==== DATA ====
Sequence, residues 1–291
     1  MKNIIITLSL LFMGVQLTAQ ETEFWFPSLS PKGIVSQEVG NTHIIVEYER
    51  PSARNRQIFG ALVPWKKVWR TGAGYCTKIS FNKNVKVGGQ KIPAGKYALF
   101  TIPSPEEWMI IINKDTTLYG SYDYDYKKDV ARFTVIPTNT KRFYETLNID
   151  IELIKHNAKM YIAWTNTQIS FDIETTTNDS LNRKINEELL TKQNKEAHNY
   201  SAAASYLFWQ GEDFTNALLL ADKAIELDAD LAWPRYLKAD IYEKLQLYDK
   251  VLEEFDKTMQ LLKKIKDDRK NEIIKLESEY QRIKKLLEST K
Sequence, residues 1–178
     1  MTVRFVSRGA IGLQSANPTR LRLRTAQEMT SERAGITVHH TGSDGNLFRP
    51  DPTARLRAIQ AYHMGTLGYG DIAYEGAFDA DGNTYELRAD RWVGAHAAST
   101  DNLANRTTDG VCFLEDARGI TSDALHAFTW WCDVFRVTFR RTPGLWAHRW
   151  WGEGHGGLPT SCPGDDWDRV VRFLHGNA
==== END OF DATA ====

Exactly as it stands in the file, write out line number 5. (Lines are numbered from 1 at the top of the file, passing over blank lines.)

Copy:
   151  IELIKHNAKM YIAWTNTQIS FDIETTTNDS LNRKINEELL TKQNKEAHNY